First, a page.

Basic Pallet Stacking - Guest Post by Jodie

Paul's picture

I asked Jodie, our awesome Warehouse Manager here at GTG, to write up a few blog posts on topics in which she has expertise. This first post will be incredibly useful to anyone first starting out dealing with freight shipments, whether to distributors or trade shows.

~Paul

This is a how-to on basic pallet wrapping.  There’s a lot more that you can go into on the details on types of supplies etc., but we’re going to stick with the basics of what you need to do to help ensure that a freight shipment on a pallet makes it from point A to point B safely.

What You’ll Need:

  • A standard pallet (typically 48x40”)
  • Pallet wrap (I use 18”)
  • Packing tape
  • Top sheets

 

The Process:

Take your pallet and stack your freight so it’s centered on the pallet minimizing the extra edges and corners.  The ideal shape for shipping is to stack your freight shipment so that it’s box shaped.  

Once it’s stacked, place your top sheet so it hangs off all sides roughly evenly.

IMPORTANT: If you plan to ship a packing list (and many receiving companies expect one), place it under the top sheet before you continue.

Now you’re ready to start wrapping!  Take your pallet wrap and run it through your hands to make it roughly rope shaped.  Then, thread it through the pallet, tie it in a knot two times, and tuck it into the wrap you threaded through the pallet so it doesn’t get snagged.

From there, loosely wrap the wood of the pallet in two layers of pallet wrap to anchor the freight to the pallet, like so.

Then start wrapping the freight by loosely walking the wrap to the corner of the pallet, then tightly pulling it around the corner.  Do this all the way around your freight and repeat re-wrapping about 50% of the previous layer until you get to the top.  Wrap over the hanging pieces of the top sheet, then over the top corners of the freight to secure it.  Wrap the top corners two times then start wrapping back down the freight.

Once you get about half-way back down the freight with the wrap, go around a corner, pull the wrap extra tight around the next corner, pin the wrap to the freight with your body, and put the tip of your finger through the top of the wrap so you can tear it off the roll easily.  When you’ve done that, it should look like this.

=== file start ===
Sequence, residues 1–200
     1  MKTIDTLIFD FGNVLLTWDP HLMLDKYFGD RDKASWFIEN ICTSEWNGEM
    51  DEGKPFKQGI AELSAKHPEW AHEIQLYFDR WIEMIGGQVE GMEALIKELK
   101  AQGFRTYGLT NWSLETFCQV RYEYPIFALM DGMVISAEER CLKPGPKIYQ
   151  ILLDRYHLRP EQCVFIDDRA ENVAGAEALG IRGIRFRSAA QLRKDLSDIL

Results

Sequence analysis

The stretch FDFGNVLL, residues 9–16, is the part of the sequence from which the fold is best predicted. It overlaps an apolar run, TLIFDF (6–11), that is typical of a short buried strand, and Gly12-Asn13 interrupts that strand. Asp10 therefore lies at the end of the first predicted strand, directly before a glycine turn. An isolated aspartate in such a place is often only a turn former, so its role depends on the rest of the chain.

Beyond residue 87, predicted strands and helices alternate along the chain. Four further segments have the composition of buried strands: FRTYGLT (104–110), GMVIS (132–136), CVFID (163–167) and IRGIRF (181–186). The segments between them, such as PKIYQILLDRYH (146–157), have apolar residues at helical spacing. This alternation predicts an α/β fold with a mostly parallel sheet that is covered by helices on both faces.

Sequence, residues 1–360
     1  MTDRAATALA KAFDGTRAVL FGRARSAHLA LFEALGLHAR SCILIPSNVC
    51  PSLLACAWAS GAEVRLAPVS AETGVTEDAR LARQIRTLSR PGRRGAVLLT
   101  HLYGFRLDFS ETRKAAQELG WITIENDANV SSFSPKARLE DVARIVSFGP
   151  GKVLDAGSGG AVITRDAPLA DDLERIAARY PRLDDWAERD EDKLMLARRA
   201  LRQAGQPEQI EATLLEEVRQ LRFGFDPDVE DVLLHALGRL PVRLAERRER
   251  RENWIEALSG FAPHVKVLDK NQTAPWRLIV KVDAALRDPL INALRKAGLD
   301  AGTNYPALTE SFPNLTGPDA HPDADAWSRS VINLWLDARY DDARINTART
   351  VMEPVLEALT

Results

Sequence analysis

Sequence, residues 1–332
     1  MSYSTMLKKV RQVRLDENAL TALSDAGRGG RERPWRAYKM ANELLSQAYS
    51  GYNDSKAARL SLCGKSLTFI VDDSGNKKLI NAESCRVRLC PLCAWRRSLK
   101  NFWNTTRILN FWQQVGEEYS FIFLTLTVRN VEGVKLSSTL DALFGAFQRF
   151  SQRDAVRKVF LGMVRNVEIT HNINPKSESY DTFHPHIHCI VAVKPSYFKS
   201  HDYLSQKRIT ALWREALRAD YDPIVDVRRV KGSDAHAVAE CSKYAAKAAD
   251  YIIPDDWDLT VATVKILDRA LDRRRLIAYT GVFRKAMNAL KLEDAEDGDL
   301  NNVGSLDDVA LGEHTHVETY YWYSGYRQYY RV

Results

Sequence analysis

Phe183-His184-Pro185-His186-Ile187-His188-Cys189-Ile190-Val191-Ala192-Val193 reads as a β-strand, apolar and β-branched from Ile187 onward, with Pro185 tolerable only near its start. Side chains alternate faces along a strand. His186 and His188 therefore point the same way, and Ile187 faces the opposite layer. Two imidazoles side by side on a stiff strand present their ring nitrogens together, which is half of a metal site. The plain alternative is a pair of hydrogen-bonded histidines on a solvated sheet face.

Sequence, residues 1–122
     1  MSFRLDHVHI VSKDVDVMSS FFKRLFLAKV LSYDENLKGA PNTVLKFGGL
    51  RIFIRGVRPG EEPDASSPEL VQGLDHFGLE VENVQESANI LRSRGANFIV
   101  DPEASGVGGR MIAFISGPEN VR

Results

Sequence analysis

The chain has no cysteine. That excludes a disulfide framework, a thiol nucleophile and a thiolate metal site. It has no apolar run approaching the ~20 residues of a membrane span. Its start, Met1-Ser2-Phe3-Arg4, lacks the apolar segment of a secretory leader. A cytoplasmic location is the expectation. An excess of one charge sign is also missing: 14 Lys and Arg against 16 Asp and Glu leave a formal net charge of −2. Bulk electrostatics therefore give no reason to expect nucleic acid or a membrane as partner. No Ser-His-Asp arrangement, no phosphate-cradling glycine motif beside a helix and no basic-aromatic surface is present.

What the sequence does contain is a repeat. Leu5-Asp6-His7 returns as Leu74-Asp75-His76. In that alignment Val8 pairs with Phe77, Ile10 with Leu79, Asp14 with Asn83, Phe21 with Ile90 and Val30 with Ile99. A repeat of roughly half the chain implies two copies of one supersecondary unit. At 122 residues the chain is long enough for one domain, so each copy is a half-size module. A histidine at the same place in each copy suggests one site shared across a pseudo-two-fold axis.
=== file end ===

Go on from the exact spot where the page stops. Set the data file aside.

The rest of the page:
Tape down the loose end you’ve created, and tape the pallet wrap at the top of your freight to the top sheet.  Inspect your wrapping and if there are any snags, holes, or other loose ends, tape those down too.

Once your freight is fully wrapped, be sure to tape the address and number of pallets where it’s plainly visible to the freight carrier.  We tend to put the destination address on all four sides of the freight and on the top.  

Because we ship products that can’t hold extra weight on top of them, we put “DO NOT DOUBLE STACK” stickers on two sides and a “NO STACK” cone on top of our freight before shipping.  We’ve had issues with certain carriers damaging our products when we used to do less.  If you’re not going to mark your pallet as not stackable, I’d suggest using a freight carrier that will insure your products for their cost.

Wrap Up:

Once your freight is wrapped, use this formula to estimate the shipping weight: Shipping weight = weight of the product + the boxes they’re in + 30lbs. for the pallet.

If you don’t have a loading dock, your shipment will need lift-gate pickup, which costs extra because the truck has to be equipped to do it.

When scheduling pick-up, give the carrier the biggest range of time you can for the pick-up.  If they can’t make it during the time you offer them, they may push your pickup to the next day (or even the day after that).

Comments

arenson9's picture

Fun read!

Powerhound_2000's picture

Yep I remember doing similar when I worked in a warehouse for a while

Beckyzoole's picture

Wrap-up? groooooaaaaaannnnn

(Great post, BTW. Useful and entertaining!)

dpt's picture

You don't do the thing with stacking every other layer rotated the other direction, so you don't have seams running through the stack?

And what's the purpose of loosely walking to the corner, then pulling it tight? What's wrong with keeping it tight all the time?

Ivory Maxwell's picture

Thanks a lot for sharing this post. Walk into any warehouse, manufacturing, or retail facility, and pallets are hard to miss. Strewn here and stacked there, these denizens of industrial space are part of the transportation and logistics clutter that often goes unseen. Without the pallet there is a clear void in the warehouse and the supply chain. For such a simple piece of equipment, it stirs rabid debate and attracts a lot of interest, often after the fact and for the wrong reasons. When materials handling systems fail, or pallets fall apart with contents in tow, shippers and consignees take note.

Your wordings are good but it’s too lengthy. I read this for 2 days, I don’t have the high vocab memory. This is the type of content is worth. Check this online store of artic rugs and you’ll find rugs at the best selling price. Everybody is running after it.